Does anyone have anything they do to relieve enthesitis?
This question is being asked for a community member. They state that they have it in their hips, forearms and ankles. It effects their mobility greatly and is so uncomfortable. Can you help answer this question? Vickie W., Team Member
I have enthesitis, PSA and psoriasis...been previously diagnosed with PMR. I am on a biologic that handles most of that well, but I have recurrent muscle spasms, rigidity that acutely restricts my movement. My Rheumatologist added Baclofen to be used when the spasms hit...and it is working beautifully...just wonderfully. Once the tightening and spasms start (espcecially in my shoulder and neck...and the sacro area, the stuff just doesnt release on its own for days....I feel crippled. But with the Baclofen? instant relaxation in the shoulder or neck or around my elbow or my sacro area and I can keep moving and being active. It may not work forever, but for now? Perfect.
The only thing that I’ve currently found to help my enthesitis is wrapping myself up in a heated blanket, and/or cannabis. Being a medical user has been life changing. I suffer from enthesitis in my hands, arms, elbows, lower back, hips, knees, lower legs, and feet.
I have psoriatic arthritis. Really sore lower legs (above the inner side of ankle).. I wonder if its entheses. Which part of your lower leg is affected?
Me too! Like shin splints but I haven't been running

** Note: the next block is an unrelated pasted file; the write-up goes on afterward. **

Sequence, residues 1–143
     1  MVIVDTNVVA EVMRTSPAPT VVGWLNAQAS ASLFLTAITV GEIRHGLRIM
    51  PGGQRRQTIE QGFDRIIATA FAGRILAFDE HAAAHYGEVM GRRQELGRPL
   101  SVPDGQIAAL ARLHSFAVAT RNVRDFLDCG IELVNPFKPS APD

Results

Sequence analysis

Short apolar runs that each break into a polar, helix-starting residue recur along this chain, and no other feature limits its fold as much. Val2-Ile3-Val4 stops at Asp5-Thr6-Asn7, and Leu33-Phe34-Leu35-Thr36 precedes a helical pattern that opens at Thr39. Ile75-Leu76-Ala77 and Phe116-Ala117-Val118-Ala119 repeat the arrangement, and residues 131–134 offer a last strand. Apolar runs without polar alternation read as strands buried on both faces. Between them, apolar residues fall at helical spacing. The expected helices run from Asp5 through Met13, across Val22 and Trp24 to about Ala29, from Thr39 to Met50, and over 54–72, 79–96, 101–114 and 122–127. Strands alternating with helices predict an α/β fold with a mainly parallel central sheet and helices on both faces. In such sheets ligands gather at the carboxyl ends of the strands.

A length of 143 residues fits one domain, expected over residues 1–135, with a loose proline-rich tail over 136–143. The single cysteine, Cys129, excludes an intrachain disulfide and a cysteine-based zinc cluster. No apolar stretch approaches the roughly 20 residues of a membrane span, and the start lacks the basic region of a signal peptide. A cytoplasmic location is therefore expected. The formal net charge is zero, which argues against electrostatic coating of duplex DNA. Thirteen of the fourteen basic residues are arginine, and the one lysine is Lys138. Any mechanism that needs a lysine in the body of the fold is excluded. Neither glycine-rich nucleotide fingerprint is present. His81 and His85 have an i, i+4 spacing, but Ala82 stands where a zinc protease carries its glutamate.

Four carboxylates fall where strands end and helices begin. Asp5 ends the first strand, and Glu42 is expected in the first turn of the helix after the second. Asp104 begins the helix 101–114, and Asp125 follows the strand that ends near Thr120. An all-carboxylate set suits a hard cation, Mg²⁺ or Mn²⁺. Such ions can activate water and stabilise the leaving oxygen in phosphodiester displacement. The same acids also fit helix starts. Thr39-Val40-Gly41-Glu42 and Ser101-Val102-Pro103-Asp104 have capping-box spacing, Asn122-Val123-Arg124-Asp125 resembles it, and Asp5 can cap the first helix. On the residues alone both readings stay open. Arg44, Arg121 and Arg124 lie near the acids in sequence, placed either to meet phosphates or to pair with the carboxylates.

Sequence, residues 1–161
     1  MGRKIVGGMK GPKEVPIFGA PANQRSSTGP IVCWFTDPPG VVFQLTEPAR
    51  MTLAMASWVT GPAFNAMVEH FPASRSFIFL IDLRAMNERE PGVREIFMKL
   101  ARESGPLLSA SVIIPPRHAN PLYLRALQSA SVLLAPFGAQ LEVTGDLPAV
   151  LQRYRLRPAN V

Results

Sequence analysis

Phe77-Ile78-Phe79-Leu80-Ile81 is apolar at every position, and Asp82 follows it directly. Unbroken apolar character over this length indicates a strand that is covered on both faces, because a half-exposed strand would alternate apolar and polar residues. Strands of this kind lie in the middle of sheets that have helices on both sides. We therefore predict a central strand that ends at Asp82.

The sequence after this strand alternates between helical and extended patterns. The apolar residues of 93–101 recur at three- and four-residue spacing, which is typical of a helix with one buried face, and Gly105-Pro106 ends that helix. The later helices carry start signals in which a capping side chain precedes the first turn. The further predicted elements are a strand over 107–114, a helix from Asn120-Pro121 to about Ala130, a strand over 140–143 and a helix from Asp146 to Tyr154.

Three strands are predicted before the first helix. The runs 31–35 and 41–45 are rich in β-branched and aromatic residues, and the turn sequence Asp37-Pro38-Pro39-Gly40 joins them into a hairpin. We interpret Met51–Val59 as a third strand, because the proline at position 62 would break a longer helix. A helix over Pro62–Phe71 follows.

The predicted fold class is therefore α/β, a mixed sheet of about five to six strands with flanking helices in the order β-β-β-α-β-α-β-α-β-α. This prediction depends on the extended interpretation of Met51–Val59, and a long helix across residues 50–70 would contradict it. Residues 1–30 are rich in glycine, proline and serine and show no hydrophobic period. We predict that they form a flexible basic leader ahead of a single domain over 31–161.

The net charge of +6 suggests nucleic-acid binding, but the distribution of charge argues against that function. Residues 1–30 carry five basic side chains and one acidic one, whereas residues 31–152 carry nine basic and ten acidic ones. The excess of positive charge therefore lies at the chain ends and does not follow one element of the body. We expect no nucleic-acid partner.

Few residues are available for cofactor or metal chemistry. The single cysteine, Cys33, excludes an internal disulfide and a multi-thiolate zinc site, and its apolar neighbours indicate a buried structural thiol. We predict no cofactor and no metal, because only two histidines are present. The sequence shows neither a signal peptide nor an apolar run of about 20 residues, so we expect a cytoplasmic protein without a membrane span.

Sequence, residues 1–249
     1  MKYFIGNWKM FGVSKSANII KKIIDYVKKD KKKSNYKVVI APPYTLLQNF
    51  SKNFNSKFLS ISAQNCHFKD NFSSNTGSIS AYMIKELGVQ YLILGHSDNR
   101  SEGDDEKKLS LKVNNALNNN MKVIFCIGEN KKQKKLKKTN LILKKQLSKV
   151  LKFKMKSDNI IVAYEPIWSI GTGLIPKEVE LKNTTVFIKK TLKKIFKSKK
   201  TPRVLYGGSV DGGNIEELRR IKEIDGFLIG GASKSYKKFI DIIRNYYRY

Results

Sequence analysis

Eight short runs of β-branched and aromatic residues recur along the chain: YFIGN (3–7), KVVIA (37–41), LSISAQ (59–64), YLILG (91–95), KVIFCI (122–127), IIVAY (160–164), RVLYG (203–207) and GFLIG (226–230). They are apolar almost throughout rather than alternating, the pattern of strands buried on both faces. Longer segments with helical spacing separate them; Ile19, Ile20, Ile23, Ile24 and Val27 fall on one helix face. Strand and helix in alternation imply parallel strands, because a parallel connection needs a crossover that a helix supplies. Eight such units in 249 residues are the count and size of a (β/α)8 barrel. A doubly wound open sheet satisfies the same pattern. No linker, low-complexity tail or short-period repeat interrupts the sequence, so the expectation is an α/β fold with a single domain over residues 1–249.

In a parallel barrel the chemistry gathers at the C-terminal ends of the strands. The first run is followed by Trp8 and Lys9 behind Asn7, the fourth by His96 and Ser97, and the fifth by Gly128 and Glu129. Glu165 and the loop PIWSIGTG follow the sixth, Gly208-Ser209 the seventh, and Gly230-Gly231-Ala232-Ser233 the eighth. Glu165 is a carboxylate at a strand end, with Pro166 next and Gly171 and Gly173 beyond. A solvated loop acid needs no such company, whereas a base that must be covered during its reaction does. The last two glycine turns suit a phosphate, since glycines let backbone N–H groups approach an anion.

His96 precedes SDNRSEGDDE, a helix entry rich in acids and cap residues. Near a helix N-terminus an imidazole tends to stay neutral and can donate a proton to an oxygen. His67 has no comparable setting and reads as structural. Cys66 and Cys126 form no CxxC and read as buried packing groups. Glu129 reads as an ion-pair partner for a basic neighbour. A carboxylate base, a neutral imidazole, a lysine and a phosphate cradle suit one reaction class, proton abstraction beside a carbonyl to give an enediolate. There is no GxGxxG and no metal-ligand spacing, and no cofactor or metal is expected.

As retired Occupational Therapist with PSA enthesis, I have found when my tendons and soft tissue flairs up I use my Kinesio tape. It helps with edema also. Sometimes it's hard to tape my lower leg as my hips don't allow me to easily get down there, but I've found ways to use a soft sponge paint brush to smooth out the tape. I recommend you ask for a therapy evaluation - usually PTs do Kinesio taping, but some OTs like me also do them, but mostly for Upper Extremities. I love my taping. Kinesio tape is stretchy then tape (comes in great colors if you like that) and can be kept on your skin for days, or until it starts peeling off naturally. It's hypoallergenic, but some folks have problems with the adhesive. There's a specific way to apply it, so you need instruction by a therapist. It's worth a try, not expensive and you can learn to do it yourself, or have a S.O. apply it once they learn how to. Good Luck (You can get it on-line, at Amazon, or at sports sites.)
Hot baths, showers, heat packs, staying warm and Panadol are my go to’s. I see an OT to help with stretching and movement. Walking, when I’m feel I can, helps too.